Air4All hopes to make flying with a wheelchair easier

Seats in development would let disabled passengers stay in their chairs in flight

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by Ed Tobias |

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I’ve done quite a bit of flying, for business and pleasure, over the 42 years I’ve lived with multiple sclerosis (MS). It’s not easy traveling by air with my scooter, and I can’t imagine trying to fly with a 450-pound power wheelchair.

Actually, I don’t have to imagine. I have some friends who use power chairs and work for BioNews, the parent company of this website, and they’ve shared some stories.

Michael Morale tells me that, on a trip to California, his chair was loaded into the belly of the airplane, where the baggage handlers then loaded other luggage in it and on top of it. The result of all that weight was a cracked frame and a ruined motor.

Before flying to a conference at Disneyland in 2019, Kevin Schaefer and his mother researched suggestions for flying with a wheelchair, then wrapped his chair’s essential parts in bubble wrap and put detachable pieces into their suitcases. Still, the chair arrived damaged. The armrest that connects to the joystick was out of place, and the chair’s tray couldn’t be put back on. Kevin thinks his chair was dropped on its side. On the return trip, it was dropped again, twice in fact, and its arms were smashed.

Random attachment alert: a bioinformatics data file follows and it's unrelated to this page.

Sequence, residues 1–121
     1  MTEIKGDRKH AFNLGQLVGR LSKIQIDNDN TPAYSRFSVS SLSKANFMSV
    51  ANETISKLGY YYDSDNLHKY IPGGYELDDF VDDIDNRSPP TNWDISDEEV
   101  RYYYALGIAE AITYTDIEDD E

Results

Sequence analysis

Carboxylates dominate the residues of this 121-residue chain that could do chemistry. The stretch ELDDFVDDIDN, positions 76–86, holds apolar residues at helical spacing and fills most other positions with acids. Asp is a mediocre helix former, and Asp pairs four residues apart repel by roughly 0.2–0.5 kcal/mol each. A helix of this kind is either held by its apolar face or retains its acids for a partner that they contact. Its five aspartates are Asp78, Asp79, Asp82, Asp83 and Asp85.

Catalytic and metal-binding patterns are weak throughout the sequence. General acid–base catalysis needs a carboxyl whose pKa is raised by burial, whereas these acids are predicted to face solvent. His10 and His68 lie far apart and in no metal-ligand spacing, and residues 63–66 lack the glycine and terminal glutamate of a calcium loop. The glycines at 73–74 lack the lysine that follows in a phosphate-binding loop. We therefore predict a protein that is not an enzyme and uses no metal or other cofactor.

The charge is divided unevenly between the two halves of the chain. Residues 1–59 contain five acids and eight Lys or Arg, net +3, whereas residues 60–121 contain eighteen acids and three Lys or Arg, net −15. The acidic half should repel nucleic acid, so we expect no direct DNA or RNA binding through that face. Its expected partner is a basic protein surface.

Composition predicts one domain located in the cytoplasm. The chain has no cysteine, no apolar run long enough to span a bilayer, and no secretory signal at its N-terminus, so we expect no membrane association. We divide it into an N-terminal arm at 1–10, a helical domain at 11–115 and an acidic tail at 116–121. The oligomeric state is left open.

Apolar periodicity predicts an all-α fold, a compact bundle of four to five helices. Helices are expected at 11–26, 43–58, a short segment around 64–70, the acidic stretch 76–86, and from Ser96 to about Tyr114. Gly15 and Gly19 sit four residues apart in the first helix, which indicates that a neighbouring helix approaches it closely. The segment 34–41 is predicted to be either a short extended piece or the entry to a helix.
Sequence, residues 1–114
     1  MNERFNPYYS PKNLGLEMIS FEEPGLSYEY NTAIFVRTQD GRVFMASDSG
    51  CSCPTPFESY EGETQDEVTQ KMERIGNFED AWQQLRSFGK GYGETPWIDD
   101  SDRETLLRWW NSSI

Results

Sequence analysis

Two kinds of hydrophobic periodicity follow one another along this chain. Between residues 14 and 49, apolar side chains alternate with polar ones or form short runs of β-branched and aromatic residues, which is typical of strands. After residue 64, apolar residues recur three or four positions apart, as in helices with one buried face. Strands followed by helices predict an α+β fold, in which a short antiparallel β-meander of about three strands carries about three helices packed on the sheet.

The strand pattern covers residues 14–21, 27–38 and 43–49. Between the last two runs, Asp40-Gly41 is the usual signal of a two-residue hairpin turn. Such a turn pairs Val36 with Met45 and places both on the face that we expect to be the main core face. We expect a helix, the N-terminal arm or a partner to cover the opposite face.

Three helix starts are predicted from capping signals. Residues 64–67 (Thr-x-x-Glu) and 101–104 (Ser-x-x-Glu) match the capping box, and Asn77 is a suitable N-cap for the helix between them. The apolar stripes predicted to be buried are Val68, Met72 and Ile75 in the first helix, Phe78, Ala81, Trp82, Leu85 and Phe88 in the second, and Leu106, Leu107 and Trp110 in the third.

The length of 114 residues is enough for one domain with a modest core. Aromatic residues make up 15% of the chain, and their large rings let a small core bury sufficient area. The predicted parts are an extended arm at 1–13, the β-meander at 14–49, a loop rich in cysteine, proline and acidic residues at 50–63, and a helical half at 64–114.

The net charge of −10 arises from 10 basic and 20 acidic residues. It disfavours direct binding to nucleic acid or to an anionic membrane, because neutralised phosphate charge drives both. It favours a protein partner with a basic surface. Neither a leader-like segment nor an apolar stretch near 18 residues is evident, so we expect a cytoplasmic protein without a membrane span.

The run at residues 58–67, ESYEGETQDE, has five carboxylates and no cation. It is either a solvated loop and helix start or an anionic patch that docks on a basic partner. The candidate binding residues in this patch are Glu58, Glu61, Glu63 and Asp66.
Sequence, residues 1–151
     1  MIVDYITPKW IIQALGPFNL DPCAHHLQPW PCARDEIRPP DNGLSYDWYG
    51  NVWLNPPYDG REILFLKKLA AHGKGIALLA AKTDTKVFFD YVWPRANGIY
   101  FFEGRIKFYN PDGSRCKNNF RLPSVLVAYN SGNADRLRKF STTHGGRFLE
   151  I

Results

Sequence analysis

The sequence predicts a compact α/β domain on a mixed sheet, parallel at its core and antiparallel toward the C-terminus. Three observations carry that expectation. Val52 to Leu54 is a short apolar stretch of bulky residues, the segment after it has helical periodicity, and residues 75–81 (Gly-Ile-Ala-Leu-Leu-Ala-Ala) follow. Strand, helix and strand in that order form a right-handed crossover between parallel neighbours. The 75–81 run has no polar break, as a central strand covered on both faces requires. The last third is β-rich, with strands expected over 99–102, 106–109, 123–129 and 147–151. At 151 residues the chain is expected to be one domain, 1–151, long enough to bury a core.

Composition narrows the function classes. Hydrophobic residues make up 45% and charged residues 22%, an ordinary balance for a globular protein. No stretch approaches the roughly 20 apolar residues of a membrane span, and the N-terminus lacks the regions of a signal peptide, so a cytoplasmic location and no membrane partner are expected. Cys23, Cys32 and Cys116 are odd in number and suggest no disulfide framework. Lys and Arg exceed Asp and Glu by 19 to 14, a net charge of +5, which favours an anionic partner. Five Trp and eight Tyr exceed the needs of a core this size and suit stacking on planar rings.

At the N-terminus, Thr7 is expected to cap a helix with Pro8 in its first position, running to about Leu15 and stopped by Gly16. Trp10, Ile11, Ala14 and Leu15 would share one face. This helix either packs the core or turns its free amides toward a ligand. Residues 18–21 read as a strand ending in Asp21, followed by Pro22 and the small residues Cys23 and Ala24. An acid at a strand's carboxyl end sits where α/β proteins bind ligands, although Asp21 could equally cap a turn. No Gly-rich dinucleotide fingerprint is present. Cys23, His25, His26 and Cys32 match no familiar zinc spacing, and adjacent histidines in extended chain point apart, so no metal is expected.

Halsey Blocher doesn’t fly at all because she can’t ride her power wheelchair onboard and stay in it. That limits Halsey and her family to trips that are within a day or two’s drive. Being able to fly in her chair, she tells me, “would truly open up a whole new world of travel opportunities.”

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Air4All might be the solution

How great would it be if people in power chairs could stay in them during a flight? Enter the Air4All aircraft seat, a prototype that was demonstrated at the Aircraft Interiors Expo in Hamburg, Germany, early this month.